But hey, if others like fussing with a scale, have at it, myself, I'll spend the time casting, reading, or any other enjoyable activity.
     
  14. witchhunter

    witchhunter Member

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    Guys, use a good powder measure correctly, load some with it, load some by weight, shoot groups and make up your own mind. I shoot thousands of rounds a year through my prairie dog guns, all are loaded by dropped charges. There are other things that affect accuracy more than the weight of charge. I was converted to this by an old BR shooter. He loaded his with an old, filed down 45/70 case with a wire handle soldered to it. The volume is more important than the weight. But if it makes you feel better to weigh each one, keep doing it. Accuracy requires confidence.
     
  15. DM~

    DM~ Member

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    This would be true ONLY if you was using the same powder for BOTH rifle and handgun! And you don't!

    Many rifle powders don't run through a powder measure as nicely as handgun powders.

    Try some H4831 through your measure, then try some unique...

    Yes, some guys use ball or some other small grain powder in rifles, but most of us guys that have bigger hunting cartridges like the 30-06, don't.

    DM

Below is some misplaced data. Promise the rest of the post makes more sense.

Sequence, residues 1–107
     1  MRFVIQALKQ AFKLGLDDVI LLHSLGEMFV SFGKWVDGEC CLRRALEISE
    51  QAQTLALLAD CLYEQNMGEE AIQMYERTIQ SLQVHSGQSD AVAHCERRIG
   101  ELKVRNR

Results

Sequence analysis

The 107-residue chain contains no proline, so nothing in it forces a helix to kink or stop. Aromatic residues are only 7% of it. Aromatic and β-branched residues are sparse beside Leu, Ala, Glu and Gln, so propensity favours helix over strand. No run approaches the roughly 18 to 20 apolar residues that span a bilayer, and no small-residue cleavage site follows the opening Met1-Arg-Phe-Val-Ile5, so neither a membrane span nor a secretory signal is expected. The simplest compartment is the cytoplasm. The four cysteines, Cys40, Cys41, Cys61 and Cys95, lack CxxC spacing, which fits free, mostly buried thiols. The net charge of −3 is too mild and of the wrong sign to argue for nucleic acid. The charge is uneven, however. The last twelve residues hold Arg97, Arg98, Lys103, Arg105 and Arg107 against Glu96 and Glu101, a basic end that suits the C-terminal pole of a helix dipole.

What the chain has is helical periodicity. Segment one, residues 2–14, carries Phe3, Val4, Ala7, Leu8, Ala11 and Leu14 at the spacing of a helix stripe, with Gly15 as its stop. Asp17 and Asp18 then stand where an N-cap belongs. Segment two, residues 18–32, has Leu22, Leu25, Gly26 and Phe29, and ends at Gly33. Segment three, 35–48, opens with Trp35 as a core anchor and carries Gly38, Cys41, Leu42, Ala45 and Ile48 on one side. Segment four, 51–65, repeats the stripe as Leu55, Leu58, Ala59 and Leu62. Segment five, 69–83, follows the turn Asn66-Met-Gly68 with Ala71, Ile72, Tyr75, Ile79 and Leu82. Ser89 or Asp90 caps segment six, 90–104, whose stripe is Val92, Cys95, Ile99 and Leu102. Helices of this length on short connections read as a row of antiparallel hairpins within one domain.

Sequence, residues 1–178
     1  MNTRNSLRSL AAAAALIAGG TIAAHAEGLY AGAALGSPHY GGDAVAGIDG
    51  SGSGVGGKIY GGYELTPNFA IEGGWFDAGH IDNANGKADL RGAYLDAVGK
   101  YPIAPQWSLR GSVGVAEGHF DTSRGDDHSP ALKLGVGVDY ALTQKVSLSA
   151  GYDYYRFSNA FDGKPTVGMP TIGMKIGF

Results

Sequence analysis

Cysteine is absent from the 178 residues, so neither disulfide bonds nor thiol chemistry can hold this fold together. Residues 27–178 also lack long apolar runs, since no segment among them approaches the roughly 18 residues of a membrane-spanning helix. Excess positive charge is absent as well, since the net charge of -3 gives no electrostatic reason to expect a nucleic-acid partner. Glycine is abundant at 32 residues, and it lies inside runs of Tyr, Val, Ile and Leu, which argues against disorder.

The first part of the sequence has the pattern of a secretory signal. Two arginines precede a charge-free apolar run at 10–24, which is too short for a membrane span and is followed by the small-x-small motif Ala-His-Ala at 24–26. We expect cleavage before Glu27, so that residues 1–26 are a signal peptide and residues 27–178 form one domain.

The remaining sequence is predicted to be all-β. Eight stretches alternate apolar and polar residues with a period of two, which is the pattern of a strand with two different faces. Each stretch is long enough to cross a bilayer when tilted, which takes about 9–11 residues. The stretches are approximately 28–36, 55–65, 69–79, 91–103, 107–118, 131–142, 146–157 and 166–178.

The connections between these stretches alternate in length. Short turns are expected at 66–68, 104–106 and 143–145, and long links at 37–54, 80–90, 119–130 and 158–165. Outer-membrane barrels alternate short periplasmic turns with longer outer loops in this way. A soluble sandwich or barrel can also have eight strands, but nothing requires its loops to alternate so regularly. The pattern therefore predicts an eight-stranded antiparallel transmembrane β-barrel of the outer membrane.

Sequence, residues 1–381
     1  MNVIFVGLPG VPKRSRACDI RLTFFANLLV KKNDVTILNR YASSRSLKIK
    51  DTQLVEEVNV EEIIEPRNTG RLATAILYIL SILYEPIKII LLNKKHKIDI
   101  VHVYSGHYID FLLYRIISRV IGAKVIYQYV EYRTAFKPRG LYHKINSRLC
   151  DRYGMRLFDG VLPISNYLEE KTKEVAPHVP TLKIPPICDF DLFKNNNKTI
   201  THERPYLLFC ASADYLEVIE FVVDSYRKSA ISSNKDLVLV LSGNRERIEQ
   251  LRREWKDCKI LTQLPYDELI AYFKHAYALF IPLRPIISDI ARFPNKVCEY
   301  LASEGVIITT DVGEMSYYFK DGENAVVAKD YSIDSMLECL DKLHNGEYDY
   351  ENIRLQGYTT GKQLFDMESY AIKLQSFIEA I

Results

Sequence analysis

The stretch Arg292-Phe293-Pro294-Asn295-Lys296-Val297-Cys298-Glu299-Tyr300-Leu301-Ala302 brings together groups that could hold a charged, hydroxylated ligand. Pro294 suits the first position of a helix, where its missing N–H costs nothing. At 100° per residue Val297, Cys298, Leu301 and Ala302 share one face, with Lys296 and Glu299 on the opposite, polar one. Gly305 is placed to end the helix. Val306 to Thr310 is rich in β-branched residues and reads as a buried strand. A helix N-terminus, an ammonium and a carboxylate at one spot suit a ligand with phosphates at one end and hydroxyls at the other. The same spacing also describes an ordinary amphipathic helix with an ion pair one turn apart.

16. CZ57

    CZ57 member

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    For rifle loading YES

    For handgun loads NO. I weigh before I start, weigh again while loading and once more when I'm finished. Not once has my Uniflow ever deviated from the original setting as I tend to lock it up pretty tight.

    Still don't completely trust digital scales though and still use balance beams. ;)
     
  17. Certaindeaf

    Certaindeaf member

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    The converse is also true. The fact remains that 1/10 of 5 is much greater than 1/10 of 50 on a ratio basis.
     
  18. JLDickmon

    JLDickmon Member

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    Heck no.
    Any more, I don't bother. Rifle or handgun.
    I set my powder measure up, throw a bunch of charges until I'm satisfied with any deviation, and lock it down.